Responsible for advising the organisation’s Board of Directors at strategic level, I also developed the venue's creative programme and was responsible for managing all aspects of the organisation's operational activities. During this time the project was recognised at national level through various awards including Enterprising Britain 2006, a Scottish Urban Regneration Forum Award in 2006, a Creative Scotland Creative Place Award in 2012 and the Village Category of the Great British High Street Awards 2015.
My contribution to the place-making agenda has been recognised by inclusion in various advisory groups, including the Scottish Government’s External Advisory Group assembled in September 2012 to take forward a national review of town centres.
I've been involved in selecting and hanging exhibitions since 1996; my first experience as part of a group show in the Baird Institute, Cumnock as a 3rd year undergraduate at the GSA. Setting up my degree show in 1997 came at the end of a taxing yet exhilarating final year - representing a 3rd of my final degree award, it was the culmination of academic research, technical experimentation, material knowledge and creative challenge; it also represented a huge emotional and time investment on my part...and it was nerve-wracking on opening night having put so much of myself out there into the public gaze. As a graduate, I was used to the process of submitting work for exhibition selection - and having to take rejection in my stride; as a member of Visual Arts Scotland selection and hanging committee from 1999 & 2000, I had to look at individual submissions in their own right but also consider how the exhibition would work as a whole and represent the breadth of visual and applied art.
Since then I've managed and programmed a small gallery space as well as programming a major exhibition space, bringing in national and international touring exhibitions whilst curating and hanging self-generated exhibitions of contemporary craft, promoting the work of emerging and established practitioners. My approach has remained firmly rooted in retaining respect for those who entrust the presentation of their work to others; I remember all that has been invested in each and every object. I continue to take inspiration from many sources and am intrigued by the work of other gallerists, curators and those who expand our ideas of exploration, explanation and presentation. For example, the following essay extract planted the seed of an exhibition idea which resulted in the development of "Exhibit A", my first exhibition as a freelance curator in 2018.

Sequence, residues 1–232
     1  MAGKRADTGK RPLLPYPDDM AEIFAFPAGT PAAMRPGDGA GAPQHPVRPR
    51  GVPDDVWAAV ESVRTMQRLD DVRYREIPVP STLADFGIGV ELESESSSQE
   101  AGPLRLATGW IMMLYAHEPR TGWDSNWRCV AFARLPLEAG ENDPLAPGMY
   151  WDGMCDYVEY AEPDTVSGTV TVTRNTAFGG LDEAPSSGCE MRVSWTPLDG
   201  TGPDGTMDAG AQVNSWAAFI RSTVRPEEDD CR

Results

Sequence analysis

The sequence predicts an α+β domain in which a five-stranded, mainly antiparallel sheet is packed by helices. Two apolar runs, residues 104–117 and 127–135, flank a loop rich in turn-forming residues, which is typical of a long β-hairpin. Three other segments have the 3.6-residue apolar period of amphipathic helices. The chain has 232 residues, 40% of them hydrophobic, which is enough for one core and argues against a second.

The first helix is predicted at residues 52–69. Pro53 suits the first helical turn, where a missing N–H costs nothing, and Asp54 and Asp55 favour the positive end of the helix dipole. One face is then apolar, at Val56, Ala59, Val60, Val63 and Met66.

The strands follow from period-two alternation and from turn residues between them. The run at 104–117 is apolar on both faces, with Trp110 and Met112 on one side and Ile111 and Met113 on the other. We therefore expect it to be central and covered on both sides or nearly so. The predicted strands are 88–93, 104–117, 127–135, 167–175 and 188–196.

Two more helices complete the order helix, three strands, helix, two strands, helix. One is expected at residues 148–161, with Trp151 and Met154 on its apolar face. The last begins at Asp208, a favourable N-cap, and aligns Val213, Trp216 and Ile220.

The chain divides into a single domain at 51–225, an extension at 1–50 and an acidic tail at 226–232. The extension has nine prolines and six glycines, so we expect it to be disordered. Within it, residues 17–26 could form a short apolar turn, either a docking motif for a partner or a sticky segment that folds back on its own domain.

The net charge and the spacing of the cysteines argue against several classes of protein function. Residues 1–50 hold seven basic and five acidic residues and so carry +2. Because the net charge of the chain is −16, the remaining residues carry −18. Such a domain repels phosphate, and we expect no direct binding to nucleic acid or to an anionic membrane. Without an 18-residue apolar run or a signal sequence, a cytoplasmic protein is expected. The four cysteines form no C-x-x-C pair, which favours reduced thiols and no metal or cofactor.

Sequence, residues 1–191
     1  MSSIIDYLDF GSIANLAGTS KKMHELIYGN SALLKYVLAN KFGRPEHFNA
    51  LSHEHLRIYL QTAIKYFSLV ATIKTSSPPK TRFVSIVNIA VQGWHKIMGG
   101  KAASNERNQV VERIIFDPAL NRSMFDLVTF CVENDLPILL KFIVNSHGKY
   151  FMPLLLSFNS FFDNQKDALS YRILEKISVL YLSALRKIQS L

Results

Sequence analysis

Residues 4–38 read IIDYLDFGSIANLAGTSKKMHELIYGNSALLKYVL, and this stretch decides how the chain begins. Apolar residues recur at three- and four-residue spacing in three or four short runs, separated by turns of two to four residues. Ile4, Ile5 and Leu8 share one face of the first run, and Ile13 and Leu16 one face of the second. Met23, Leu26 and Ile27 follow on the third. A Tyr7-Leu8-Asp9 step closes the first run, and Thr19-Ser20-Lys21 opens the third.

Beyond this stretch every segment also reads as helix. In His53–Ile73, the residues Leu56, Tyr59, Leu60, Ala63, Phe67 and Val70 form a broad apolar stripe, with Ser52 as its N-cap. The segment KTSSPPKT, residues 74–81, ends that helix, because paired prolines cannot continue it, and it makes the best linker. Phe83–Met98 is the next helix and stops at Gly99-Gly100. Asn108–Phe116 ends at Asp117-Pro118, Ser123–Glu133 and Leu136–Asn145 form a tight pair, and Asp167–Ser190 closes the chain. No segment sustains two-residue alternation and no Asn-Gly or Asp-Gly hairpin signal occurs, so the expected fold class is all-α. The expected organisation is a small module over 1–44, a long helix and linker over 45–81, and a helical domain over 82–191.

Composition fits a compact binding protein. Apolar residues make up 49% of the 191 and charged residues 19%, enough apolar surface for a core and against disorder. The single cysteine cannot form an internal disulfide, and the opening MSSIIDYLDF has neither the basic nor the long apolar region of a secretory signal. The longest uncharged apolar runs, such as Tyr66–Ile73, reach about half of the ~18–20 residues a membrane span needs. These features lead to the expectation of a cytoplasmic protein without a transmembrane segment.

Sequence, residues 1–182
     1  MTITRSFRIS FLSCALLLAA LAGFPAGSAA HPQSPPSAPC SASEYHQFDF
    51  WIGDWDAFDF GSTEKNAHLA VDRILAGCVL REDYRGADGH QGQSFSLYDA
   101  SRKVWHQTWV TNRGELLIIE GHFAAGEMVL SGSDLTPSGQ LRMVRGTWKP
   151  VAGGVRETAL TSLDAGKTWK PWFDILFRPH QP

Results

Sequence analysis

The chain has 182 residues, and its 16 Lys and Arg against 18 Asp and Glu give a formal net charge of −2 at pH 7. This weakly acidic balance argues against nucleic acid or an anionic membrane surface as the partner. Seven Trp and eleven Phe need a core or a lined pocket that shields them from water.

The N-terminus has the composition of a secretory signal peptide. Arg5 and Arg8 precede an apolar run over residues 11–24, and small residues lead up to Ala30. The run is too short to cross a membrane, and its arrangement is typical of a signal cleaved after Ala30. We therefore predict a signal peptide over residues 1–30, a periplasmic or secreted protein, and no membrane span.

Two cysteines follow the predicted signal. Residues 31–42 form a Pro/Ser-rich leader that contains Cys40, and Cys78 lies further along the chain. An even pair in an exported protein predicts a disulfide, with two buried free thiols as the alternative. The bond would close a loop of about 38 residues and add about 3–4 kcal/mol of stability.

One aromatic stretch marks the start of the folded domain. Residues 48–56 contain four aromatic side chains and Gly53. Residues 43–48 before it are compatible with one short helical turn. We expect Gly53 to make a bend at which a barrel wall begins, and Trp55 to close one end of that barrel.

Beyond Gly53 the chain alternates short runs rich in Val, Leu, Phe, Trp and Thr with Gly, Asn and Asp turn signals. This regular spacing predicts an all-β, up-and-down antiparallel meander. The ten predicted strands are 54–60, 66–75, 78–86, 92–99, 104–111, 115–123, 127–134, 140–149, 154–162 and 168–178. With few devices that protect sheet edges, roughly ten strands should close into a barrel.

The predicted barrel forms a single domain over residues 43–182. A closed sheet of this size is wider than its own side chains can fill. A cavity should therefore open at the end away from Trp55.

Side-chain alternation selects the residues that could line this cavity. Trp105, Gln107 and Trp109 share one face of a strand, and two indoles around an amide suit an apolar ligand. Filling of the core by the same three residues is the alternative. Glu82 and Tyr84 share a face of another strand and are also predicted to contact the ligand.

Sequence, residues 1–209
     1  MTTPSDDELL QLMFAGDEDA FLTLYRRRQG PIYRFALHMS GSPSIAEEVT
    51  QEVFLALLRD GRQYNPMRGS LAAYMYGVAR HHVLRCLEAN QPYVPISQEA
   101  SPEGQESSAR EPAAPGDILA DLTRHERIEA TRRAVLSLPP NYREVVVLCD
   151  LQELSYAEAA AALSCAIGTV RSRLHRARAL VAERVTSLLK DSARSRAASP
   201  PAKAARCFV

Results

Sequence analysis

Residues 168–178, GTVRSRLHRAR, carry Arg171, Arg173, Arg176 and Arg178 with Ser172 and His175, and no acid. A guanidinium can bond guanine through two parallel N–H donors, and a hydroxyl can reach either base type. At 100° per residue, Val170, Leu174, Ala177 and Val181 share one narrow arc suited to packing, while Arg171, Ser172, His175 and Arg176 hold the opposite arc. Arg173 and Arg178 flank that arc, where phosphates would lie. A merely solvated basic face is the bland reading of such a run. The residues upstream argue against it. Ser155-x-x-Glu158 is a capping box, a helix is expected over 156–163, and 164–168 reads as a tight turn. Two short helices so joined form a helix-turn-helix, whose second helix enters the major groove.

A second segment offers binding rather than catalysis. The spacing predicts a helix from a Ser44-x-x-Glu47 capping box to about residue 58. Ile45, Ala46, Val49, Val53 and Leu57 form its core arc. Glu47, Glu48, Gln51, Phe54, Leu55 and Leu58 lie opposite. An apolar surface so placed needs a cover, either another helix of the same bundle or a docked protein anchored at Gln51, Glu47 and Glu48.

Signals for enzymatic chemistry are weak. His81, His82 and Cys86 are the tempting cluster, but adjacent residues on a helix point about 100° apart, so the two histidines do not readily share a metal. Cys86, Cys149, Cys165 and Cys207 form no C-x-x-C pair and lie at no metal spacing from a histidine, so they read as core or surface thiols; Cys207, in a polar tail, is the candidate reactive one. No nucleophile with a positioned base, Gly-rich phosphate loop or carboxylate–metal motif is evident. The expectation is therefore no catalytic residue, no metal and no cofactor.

“When talking about exhibitions, it is urgent to understand what an exhibition is. The word ‘exhibition’ has its roots in legal terminology – the display of evidence in a court of law...provided for the jury to inspect and evaluate, and it can either strengthen or weaken the defendant’s defence.
Turning to art exhibitions, the exhibited works serve as evidence of an overall narrative. An important aspect, in my opinion, is the jury who evaluate the objects, and in the context of an art exhibition, the jury could consist of art critics and/or the public. The exhibition can be perceived as the medium through which works of art become meaningful. And it has to do with presenting them to the public”.
A Norwegian Crafts Publication
Documents on Contemporary Crafts no.3: Crafting Exhibitions
New Modes of Curating and Presenting Craft
An introduction to the craft of exhibition making, Andre Gali.